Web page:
- LinkedIn said titles with “bitcoin,” “ethereum,” “blockchain,” and “cryptocurrency” rose 395% in 2021.
- Ripple is hiring senior blockchain software engineers at a base pay range of $146,000 to $201,000.
- Its hiring manager said candidates should “thrive in ambiguity” and be entrepreneurial.
Ripple, a $15 billion crypto cross-border-payments platform, has more than 200 open job listings in the US, the UK, Singapore, Canada, and India. This comes as hiring among crypto and blockchain startups has skyrocketed amid the industry’s boom.
Between 2020 and 2021, job titles containing the words “bitcoin,” “ethereum,” “blockchain,” and “cryptocurrency” increased by 395% in the US, according to LinkedIn and Crypto Advisor data. The US was responsible for 40% of open blockchain job postings worldwide, the data showed. The hiring is fueled by venture investors, who poured a total of $30 billion into crypto and blockchain startups last year, according to PitchBook data.
As of January, Ripple had raised about $318 million, according to PitchBook, and was valued at $15 billion, its CEO, Brad Garlinghouse, said in a tweet. At least, that’s the valuation based on the share price Ripple paid to buy back stock from its October Series C investors, led by Tetragon and joined by SBI Holdings and Route 66 Ventures. That $200 million round in late 2019 valued the company at $10 billion, it said at the time.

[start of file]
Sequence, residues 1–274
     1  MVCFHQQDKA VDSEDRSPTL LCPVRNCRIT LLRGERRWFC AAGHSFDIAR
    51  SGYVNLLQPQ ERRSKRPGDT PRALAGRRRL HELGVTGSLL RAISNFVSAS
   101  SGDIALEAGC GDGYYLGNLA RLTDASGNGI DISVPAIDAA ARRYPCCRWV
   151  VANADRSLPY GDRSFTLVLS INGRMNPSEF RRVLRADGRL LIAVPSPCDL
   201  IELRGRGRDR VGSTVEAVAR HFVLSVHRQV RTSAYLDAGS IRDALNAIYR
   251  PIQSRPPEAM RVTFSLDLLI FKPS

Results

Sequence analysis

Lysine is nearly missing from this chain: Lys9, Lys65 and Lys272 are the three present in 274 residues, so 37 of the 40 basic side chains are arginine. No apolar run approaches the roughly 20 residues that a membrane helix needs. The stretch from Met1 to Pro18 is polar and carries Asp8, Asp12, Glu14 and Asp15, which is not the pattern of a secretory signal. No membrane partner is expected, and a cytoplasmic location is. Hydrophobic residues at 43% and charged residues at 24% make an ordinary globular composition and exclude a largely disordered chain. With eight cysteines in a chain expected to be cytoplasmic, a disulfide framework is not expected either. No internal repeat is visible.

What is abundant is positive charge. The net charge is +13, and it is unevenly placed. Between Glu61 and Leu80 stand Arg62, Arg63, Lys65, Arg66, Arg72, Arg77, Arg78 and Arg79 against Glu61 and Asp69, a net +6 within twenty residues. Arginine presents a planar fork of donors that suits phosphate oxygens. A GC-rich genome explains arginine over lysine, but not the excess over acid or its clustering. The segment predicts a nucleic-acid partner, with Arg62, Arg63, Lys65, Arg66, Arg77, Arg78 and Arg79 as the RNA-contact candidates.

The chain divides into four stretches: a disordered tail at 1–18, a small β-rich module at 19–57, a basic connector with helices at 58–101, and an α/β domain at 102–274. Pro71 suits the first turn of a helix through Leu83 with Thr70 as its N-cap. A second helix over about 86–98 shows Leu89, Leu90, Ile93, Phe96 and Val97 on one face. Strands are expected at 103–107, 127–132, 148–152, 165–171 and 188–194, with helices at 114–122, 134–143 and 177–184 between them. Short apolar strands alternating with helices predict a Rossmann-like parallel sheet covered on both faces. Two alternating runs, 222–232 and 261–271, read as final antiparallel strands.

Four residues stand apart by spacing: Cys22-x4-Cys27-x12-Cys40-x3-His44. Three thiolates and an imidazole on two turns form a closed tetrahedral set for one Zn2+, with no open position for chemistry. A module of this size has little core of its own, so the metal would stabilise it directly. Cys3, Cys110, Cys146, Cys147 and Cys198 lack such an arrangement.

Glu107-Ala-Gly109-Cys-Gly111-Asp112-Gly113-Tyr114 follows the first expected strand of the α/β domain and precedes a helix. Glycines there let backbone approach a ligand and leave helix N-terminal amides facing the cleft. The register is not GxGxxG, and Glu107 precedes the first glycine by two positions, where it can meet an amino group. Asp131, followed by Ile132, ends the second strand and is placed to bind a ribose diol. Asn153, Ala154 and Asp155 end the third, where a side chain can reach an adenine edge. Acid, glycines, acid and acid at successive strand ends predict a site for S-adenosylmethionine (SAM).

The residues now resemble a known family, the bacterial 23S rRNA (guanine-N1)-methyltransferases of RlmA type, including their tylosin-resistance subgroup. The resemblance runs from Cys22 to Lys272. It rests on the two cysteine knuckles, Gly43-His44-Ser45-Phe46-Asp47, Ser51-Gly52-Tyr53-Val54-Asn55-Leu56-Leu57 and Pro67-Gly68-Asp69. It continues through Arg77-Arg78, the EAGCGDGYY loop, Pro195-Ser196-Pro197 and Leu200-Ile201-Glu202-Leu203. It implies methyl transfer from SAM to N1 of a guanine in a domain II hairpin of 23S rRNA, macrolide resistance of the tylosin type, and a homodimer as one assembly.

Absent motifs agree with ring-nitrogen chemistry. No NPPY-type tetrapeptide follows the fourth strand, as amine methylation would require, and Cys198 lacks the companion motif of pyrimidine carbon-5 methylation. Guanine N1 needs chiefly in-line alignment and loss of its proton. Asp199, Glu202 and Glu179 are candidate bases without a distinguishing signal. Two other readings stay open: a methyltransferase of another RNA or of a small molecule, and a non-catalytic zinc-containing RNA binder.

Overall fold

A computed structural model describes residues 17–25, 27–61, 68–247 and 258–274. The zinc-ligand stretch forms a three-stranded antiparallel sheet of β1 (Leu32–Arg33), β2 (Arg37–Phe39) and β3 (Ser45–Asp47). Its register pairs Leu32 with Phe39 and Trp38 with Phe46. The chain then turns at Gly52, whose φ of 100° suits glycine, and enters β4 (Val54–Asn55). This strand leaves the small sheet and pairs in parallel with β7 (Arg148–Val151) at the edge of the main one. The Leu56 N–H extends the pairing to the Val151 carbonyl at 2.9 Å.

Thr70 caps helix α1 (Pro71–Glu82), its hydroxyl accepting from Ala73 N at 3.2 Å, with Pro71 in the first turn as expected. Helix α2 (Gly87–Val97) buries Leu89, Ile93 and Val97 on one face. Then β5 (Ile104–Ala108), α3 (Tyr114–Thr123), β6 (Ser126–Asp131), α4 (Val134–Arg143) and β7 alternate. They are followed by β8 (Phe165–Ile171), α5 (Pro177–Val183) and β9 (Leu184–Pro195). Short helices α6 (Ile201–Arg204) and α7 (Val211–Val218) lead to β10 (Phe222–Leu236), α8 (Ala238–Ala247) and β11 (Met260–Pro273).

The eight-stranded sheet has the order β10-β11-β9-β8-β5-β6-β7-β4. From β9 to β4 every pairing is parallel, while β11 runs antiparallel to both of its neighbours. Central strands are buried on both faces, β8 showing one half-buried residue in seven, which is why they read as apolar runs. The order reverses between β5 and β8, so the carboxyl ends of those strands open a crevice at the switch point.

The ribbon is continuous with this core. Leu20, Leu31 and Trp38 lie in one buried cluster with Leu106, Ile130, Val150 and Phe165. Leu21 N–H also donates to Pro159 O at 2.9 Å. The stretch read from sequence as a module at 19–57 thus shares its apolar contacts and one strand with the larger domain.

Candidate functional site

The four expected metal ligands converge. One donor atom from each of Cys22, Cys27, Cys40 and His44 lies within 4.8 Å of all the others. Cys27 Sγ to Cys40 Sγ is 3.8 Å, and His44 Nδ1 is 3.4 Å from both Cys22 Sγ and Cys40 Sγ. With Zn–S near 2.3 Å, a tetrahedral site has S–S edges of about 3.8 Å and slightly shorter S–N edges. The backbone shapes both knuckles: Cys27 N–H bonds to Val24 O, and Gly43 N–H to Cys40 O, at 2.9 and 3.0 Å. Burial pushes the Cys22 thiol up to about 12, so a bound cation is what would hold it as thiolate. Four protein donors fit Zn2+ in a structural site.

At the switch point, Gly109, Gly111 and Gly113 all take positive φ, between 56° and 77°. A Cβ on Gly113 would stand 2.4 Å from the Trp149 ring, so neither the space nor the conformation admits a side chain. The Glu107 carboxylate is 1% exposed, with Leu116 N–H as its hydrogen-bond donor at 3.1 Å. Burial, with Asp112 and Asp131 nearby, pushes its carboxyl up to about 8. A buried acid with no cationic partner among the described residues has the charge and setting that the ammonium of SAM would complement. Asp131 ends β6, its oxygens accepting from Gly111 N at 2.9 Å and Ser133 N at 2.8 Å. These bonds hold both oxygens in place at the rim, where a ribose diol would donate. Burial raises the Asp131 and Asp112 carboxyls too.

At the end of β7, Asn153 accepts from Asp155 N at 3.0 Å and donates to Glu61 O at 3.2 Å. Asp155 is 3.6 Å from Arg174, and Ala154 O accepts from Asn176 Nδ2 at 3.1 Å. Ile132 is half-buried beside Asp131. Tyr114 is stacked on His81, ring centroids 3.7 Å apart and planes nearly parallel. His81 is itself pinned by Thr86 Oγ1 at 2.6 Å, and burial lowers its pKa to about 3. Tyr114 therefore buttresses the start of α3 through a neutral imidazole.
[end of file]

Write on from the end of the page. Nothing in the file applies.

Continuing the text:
So Garlinghouse’s tweet implied his board paid a handsome profit to those investors for those shares. He also tweeted that the company had $1 billion “in the bank.”
The buyback came shortly after the Securities and Exchange Commission filed a lawsuit against the company, accusing it of selling $1.3 billion worth of unlicensed securities in December. Ripple is fighting the suit, and some industry observers say it may be settled later this year.
Ripple is, meanwhile, plowing ahead with its hiring plans. And as one of the most highly valued crypto startups, its head of talent has seen a surprising trend among its job candidates.
“We’ve seen an influx of candidates leaving traditional Wall Street and large technology companies to join crypto,” Jim Chauncey-Kelly, Ripple’s vice president of global talent acquisition, told Insider.
As a quickly growing industry, blockchain has a lot of room for anyone interested in building products and services to be of influence for the larger community, Chauncey-Kelly said.
The company wants to hire candidates who have an interest in blockchain, have an entrepreneurial spirit, and “thrive in ambiguity,” he said, which covers both the company’s legal battles and the industry’s quickly changing landscape.
He shared one key to winning an offer: “It’s clear when candidates are curious and do their research before the interview process,” he said. “They are proactive and ask question after question.”
He said the company was also seeking a diverse workforce and tried to “have a minimum of two underrepresented candidates interviewed” for every open role.
To shed light on what Ripple pays, Insider gathered pay data from work-visa applications the company filed with the US government in 2021. Companies must disclose salary information when applying for visas, and pay must be the same as a US citizen would get paid for the same job. The data excludes stock compensation, which can significantly increase total pay. Still, it gives insight into how much Ripple pays key positions, such as software engineers and data scientists.